10 learnings from managing a crisis in a family business
22nd April 2020
In 2015-2018 I had the privilege to manage a crisis in our family business. In his article I share my top learnings from this experience and hope that this will help many in the current situation.
1) Be empathetic
When you are stuck in a crisis you have to deal with several different parties. There are stakeholders, employees, advisors, co-founders or family members, regulators etc. and all these parties need to be taken into consideration when you make a decision. I learnt the hard way, that you better understand each and every one of them thoroughly. You really need to take each person’s perspective into account and try to think and feel like them. Only then will you be able to get a good understanding. Why are they doing what they are doing? What is their agenda? What are their goals? What are they scared of?
2) Define the Problem
In our crisis we did not define the problem at first, which led to wasted effort and resources. By having done your research properly and getting a good overview of all the participants (as explained above), you will be able to get to the bottom of the problem. Often a crisis is triggered by a certain event - like COVID-19, but the underlying issues are deeper than just that. In our case the fraud we fell victim to only accelerated certain processes in the family and the business, which would have come up anyway. So right now, be careful to really analyse why the business is in a crisis.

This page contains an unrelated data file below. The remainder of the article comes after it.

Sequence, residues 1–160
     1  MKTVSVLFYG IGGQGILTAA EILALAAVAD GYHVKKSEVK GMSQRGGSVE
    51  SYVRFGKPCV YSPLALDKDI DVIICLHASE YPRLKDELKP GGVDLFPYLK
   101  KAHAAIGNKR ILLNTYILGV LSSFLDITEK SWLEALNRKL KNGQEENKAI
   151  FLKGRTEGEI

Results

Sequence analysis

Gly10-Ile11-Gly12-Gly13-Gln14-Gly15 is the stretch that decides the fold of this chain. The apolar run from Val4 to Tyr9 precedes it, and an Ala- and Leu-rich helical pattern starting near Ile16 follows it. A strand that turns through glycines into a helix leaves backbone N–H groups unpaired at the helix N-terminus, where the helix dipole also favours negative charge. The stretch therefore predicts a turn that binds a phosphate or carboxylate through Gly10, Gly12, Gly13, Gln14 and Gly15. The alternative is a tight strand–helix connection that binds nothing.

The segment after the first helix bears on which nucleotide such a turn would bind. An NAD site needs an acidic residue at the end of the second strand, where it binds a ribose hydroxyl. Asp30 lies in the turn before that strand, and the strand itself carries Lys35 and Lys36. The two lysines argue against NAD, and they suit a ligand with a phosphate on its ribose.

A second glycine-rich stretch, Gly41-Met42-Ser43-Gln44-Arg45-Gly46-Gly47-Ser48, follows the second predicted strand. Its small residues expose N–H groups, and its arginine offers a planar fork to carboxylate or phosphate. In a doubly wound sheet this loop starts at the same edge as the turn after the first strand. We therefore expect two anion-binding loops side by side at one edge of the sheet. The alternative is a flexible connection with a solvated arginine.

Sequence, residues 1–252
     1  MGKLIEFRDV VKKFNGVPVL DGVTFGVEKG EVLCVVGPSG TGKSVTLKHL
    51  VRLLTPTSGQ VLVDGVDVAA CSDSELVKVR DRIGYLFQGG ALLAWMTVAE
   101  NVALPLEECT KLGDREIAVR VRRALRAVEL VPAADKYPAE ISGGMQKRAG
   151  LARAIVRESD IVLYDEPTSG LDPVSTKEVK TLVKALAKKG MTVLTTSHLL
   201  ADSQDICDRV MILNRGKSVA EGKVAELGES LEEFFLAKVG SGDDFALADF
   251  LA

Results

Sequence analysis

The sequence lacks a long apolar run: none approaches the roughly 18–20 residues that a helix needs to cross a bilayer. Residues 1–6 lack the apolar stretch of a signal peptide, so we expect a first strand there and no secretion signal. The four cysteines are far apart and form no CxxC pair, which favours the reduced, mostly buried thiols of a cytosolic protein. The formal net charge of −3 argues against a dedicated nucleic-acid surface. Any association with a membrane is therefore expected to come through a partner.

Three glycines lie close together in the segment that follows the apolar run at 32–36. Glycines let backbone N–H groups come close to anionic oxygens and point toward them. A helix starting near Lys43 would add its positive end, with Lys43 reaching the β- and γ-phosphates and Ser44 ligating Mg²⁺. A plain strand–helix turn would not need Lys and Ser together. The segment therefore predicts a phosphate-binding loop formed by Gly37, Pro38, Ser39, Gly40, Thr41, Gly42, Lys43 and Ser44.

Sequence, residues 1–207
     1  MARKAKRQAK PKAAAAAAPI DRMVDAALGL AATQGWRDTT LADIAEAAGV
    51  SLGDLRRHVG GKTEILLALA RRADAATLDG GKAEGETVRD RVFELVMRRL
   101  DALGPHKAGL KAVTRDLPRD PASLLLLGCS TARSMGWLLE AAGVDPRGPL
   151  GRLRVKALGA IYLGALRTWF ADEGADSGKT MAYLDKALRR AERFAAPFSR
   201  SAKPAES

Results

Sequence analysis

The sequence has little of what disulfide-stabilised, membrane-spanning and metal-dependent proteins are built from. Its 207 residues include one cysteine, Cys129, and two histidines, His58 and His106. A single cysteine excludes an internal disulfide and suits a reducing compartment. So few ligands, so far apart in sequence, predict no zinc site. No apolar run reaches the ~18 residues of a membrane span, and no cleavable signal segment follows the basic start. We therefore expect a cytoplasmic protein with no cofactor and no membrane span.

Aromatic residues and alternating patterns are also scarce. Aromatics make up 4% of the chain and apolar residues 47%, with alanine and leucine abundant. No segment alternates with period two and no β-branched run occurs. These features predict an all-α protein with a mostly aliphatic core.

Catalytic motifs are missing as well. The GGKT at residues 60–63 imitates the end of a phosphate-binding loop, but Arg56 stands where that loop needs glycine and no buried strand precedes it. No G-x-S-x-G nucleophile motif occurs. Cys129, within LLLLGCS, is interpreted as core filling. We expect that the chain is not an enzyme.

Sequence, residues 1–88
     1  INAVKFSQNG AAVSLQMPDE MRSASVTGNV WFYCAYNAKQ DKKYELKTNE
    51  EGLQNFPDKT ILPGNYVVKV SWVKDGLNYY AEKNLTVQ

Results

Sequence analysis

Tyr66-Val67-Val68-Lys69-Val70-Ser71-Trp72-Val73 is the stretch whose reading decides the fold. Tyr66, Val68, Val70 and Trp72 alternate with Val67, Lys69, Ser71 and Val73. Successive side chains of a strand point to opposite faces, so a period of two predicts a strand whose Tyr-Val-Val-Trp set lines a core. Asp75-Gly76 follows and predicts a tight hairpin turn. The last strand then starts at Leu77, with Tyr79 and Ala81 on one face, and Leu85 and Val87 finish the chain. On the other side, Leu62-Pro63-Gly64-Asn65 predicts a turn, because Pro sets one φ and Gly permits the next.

3) Time, Time and Time
Time is always the biggest problem in a crisis. One can argue why this is even an important point. Is a crisis not by itself defined by being short on time? Either way my biggest learning is that you can always “buy” yourself more time. We learnt that by being open to stakeholders, regulators or creditors you can gain time. Usually they have no interest in you failing, so go to them as soon as possible. Especially in a setting as right now anyone will understand. Be aware thou to blame your shortcomings on a one-off event. Even if it is the case, tell them you are sorry for not having prepared accordingly. The more time you can get, the better you can assess the situation, use empathy and then decide on a course of action.
The second important learning concerning time is, that you always have more time than you think. Most people cannot deal with ambiguity well and want to see action as soon as possible. Many will try to force you into fast action. You have a little error margin in crisis, which means that fast and thoughtless action can be disastrous. If you think you have one minute to decide, you have an hour and if you think you only have an hour, you probably have a day and so on. Be careful not to be pushed into action, sometimes the most difficult thing in a crisis is to decide, to not do anything for a time being. That’s called controlled idleness.